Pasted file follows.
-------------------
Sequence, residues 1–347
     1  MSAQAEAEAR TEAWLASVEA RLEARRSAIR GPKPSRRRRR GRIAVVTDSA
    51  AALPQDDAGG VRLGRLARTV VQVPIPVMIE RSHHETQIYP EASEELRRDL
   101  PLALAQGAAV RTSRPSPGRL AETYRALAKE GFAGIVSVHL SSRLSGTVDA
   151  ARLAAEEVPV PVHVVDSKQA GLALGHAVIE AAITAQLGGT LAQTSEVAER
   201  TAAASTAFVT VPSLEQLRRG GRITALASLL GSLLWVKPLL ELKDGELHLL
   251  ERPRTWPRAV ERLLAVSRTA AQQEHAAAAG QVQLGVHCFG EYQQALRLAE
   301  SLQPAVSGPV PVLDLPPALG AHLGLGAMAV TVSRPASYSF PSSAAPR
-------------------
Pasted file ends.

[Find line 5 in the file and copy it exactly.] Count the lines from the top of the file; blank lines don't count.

   151  ARLAAEEVPV PVHVVDSKQA GLALGHAVIE AAITAQLGGT LAQTSEVAER